That’s A Fidon’t . . .

We’ve talked about basic cooking tips, deep frying, and even how to properly cook a turkey, this year we’re going to talk about your cooking and Fido! WHAT?!

Dogs LOVE Thanksgiving and all the yummy food that it brings. Unfortunately, Thanksgiving foods do NOT love them back. Many of the foods that we love are poisonous to dogs.

Here’s some tips to keep your furry family members safe this holiday season:

  • Keep pets out of the kitchen while cooking and baking! Not only can they be hurt in kitchen collisions and more, but the uncooked foods can be dangerous to their health as well!
    • Raw yeast dough when eaten by pets continues to change the sugar into carbon dioxide and alcohol. Pets may appear to be drunk and have painful gas and bloating. It might sound funny but it can actually require hospitalization and can be deadly.
    • Undercooked or raw meat can cause food poisoning in dogs just like in humans. Dogs are domesticated. They cannot handle bones or raw meat regardless of what their ancestors ate.
    • Raw eggs also cause food poisoning in dogs – so keep them out of raw doughs and batters that require eggs!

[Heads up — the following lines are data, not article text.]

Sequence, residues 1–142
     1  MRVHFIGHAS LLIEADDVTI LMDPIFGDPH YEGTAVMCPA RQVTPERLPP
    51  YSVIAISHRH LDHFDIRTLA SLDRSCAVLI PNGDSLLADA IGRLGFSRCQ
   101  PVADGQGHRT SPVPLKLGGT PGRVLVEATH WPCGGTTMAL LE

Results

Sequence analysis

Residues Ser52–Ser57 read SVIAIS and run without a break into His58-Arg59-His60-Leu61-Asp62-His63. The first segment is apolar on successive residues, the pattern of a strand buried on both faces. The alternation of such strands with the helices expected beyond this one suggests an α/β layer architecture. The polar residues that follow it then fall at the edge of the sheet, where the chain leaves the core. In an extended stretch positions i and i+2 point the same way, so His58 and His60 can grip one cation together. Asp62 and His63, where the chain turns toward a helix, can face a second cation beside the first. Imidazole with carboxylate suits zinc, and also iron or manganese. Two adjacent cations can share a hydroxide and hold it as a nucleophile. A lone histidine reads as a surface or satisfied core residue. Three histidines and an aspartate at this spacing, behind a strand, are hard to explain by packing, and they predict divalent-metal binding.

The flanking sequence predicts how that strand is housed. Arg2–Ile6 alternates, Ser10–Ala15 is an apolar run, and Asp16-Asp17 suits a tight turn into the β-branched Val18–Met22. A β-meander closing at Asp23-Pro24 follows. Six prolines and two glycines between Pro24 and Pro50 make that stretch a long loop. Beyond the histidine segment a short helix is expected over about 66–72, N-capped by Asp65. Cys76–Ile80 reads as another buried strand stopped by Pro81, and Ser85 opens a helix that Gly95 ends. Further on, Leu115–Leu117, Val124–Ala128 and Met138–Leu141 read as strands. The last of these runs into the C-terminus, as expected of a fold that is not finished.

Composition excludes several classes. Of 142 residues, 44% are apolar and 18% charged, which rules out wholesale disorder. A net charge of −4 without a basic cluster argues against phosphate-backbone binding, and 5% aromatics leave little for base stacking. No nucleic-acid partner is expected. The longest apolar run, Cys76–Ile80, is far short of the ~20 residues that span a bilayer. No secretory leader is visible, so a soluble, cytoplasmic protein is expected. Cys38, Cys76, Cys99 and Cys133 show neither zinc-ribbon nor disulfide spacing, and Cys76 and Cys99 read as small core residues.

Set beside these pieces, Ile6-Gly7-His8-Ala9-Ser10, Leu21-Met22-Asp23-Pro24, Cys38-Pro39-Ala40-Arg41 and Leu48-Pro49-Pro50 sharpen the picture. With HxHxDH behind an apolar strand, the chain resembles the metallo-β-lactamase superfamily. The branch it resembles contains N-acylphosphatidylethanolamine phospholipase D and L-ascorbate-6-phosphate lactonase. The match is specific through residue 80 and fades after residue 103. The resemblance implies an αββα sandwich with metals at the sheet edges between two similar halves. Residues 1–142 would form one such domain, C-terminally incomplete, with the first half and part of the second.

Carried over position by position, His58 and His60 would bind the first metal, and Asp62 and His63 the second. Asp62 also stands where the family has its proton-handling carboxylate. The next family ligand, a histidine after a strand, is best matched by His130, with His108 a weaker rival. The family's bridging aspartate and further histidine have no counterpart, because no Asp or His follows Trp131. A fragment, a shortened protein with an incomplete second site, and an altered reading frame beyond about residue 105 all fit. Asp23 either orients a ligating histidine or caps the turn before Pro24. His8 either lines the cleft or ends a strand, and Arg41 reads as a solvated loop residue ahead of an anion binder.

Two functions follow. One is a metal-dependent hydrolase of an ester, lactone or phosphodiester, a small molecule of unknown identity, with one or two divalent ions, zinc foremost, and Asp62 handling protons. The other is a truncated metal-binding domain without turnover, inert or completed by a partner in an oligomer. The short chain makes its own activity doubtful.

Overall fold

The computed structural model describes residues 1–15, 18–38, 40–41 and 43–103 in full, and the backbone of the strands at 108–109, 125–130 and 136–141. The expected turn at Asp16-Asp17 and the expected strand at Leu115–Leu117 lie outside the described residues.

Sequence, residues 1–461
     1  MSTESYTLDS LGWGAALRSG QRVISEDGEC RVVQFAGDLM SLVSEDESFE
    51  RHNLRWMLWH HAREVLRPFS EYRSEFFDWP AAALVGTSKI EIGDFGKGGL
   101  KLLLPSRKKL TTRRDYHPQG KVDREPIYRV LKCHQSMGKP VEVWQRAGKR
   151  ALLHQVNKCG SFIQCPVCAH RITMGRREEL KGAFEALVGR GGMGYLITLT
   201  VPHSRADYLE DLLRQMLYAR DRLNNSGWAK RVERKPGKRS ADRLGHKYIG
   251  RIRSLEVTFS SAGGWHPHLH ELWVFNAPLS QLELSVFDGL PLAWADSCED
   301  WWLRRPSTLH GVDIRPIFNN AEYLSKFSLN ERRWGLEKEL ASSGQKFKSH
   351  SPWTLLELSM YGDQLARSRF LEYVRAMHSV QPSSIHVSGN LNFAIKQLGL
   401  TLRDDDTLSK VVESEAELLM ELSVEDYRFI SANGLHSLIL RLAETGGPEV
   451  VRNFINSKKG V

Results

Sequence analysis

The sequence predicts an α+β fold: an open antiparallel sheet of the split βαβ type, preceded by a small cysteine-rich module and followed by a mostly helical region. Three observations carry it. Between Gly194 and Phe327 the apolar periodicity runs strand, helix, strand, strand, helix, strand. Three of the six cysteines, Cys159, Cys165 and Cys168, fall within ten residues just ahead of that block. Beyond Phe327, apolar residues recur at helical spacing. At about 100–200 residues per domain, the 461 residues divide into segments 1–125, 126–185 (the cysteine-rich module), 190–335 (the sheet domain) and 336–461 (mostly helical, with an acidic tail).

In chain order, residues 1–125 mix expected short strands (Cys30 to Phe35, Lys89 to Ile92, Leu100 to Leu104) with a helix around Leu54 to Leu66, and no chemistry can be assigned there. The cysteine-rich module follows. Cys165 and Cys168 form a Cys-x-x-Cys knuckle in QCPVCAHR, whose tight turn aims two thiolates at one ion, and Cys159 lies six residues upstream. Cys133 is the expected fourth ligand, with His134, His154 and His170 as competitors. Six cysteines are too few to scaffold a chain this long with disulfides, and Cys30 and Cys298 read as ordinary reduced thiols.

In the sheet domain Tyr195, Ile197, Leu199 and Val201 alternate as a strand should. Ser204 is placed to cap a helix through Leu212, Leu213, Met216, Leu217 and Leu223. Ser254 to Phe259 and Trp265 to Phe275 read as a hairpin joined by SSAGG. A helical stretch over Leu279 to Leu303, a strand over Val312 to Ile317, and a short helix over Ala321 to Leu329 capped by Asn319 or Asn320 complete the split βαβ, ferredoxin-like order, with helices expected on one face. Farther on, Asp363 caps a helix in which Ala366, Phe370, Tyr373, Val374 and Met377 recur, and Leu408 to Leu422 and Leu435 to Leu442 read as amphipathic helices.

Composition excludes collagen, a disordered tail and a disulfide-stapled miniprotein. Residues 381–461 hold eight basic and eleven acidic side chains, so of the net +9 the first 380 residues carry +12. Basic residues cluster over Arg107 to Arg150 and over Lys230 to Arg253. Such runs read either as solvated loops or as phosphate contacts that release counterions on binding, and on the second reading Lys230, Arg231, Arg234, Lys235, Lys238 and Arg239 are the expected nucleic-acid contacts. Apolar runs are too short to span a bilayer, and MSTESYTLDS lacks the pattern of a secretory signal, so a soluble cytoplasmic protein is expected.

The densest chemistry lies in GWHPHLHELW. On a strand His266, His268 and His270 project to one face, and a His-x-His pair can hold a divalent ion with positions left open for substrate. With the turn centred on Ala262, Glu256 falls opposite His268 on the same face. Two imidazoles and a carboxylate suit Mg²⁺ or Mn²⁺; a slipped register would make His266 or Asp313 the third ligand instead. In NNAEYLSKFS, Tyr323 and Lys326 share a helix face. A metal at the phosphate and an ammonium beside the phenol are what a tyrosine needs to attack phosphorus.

• Pets should be given little to no table scraps. So much of what we eat, particularly at the holidays is very fatty. Dogs’ digestive tracks cannot handle fatty foods like ours does. Even small amounts of something like turkey skin can lead to a deadly condition called pancreatitis. Take it from a family that has had to watch a dog go through this terrible condition, it is not something you want your dog to suffer through. The condition is heartbreaking enough and then you add the guilt of knowing it was preventable to the mix . . .
  • Know what foods are poisonous to dogs. Just because humans can eat it, does not mean it is safe for our furry family members to eat it too!
    • Alcohol
    • Onion
    • Garlic
    • Chives
    • Dairy
    • Chocolate
    • To name just a few . . .
  • If you still decide to give your dog some turkey, it needs to be a small piece that is skinless, boneless, and fully cooked. Bones can splinter and actually puncture holes in a dog’s digestive track.
  • Put trash somewhere your pets won’t find it – like immediately taking it out to the toter rather than leaving it inside. Pets can be sneaky when they really want something! Just take the temptation out of the house all together!

If you want to give your dog a special treat, buy them a special bone or other specially made treat for the day. You can let them sample some plain veggies or a taste of turkey and mashed potatoes but don’t let them overindulge – no matter how sad of eyes they have! Overindulgence puts them at risk for pancreatitis or at the very least an upset tummy!

We hope everyone has a safe Thanksgiving!

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